Some interesting developments today in the HorseWorld ‘let us knock down our visitor centre so we can sell the land to a property developer who will build a bunch of executive homes and then build a visitor centre’ story… Against all expectations, Bath & North East Somerset Council TURNED DOWN the charity’s planning application by ten councillors to two in a shock decision that left incompetent boss Mark ‘Not That One’ Owen with a very long face indeed.
Here’s our local reporter with analysis:
The word on the street here is that when HorseWorld first started its plan a couple of years ago to do this development, the Managing Director Mark Owen looked at the balance sheets that were showing the massive losses under his leadership and then calculated how to achieve a break-even or profit figure, maintaining the same levels of spending in all areas but increasing income from the tourism side of things. He apparently discovered that if his visitor centre could get 135,000 people per year then it would have higher income from admission fees, merchandise etc, and so would break even.
So the theory is he then began putting together a case which started from this 135,000 figure and worked backwards, to try to show that a new visitor centre would get those numbers through the doors, instead of proving the attraction of the new centre would lead to those numbers. Most companies would tend to do their business plans the other way round of course!
This botched way of doing things might persuade trustees who have a vested interest, innumerate finance directors, and planning officers whose hands were apparently forced by the Liberal Democrat councillors who run the BANES council cabinet and have visited HorseWorld; but it was unlikely to persuade the councillors who had to justify a decision. And it grossly underestimated the intelligence of Stockwood and Whitchurch people!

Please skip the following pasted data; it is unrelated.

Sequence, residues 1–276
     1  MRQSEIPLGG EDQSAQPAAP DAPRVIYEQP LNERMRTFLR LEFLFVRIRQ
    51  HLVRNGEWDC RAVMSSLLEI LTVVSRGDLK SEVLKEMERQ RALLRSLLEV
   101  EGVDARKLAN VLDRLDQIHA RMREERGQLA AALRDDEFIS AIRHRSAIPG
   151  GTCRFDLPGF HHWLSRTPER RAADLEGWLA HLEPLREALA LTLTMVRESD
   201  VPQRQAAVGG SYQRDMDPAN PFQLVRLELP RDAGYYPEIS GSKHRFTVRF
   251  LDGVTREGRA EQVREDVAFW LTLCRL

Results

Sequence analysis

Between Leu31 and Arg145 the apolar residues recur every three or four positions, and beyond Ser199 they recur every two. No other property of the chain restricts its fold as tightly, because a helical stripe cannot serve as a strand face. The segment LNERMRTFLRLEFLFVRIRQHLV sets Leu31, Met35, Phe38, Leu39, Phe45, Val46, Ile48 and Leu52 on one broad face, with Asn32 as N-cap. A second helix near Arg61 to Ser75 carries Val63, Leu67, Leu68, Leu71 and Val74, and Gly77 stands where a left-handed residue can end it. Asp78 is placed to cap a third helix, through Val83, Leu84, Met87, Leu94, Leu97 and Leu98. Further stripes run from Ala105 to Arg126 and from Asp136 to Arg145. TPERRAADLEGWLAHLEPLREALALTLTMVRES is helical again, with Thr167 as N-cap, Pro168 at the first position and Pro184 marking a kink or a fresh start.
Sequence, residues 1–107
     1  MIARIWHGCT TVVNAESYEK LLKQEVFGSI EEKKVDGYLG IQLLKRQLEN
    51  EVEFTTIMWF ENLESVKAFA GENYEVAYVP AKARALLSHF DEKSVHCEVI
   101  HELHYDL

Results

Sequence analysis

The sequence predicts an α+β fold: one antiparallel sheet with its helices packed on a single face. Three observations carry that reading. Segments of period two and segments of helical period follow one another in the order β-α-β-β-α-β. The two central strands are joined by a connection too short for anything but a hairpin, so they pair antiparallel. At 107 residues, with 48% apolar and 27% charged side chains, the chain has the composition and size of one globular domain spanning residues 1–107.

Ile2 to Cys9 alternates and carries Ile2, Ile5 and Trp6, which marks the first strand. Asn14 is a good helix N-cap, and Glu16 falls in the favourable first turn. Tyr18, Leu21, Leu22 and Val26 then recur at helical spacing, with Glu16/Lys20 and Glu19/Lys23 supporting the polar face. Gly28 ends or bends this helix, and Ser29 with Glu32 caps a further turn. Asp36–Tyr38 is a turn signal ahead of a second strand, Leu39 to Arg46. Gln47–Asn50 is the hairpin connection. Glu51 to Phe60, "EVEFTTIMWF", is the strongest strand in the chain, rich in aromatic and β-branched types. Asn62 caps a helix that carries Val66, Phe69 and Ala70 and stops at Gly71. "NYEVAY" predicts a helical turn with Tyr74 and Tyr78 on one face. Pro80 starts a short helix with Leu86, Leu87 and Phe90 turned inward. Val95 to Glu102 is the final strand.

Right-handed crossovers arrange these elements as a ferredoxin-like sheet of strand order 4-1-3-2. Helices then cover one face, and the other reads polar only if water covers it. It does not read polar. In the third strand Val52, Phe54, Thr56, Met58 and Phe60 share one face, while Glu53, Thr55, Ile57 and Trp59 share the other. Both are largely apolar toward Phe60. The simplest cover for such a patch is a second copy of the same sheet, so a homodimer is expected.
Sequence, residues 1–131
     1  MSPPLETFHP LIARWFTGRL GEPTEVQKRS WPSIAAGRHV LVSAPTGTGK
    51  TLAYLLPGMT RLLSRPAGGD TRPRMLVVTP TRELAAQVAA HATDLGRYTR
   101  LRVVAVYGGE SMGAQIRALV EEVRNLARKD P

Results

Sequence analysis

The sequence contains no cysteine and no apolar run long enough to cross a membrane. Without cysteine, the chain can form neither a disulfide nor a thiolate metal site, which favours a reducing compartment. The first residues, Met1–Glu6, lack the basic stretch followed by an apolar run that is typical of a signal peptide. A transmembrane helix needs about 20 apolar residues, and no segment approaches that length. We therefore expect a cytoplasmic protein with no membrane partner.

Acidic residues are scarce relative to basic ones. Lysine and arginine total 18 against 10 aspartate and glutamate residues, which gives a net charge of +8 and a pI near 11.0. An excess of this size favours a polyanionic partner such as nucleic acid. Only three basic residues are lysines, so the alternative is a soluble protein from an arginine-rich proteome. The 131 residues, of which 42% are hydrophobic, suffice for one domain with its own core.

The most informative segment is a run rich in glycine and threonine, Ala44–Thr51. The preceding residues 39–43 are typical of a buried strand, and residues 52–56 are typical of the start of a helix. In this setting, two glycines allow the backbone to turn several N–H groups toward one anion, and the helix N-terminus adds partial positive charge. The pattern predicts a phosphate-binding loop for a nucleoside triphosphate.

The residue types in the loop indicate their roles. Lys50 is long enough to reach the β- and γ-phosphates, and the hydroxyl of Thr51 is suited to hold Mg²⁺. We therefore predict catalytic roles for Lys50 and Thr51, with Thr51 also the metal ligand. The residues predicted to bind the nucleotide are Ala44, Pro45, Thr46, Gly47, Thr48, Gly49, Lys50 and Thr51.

This back to front approach also showed with the way HorseWorld panicked when they had to pay £1 million Section 106 money and so tried to balance the books by reducing the affordable housing allocation.
Key to the rejection of the vague plans put forward by HorseWorld were the low numbers of affordable homes that would be built, the sketchy reasoning behind the 35% overnight jump in visitors anticipated, failure to adequately argue why there was an exceptional reason to build on green belt land, and the increased traffic. Owen was left spluttering that HorseWorld would now have to close down. (Well, only if he continues to manage it the way he has up till now.)
And finally, there were behind the scenes all sorts of shady deals going on – in Bristol as well as in Bath – to try and push the application through: more on this in the next edition of The BRISTOLIAN paper – on the streets from the end of next week. In the meantime, check out Stockwood Pete’s blog about today’s decision.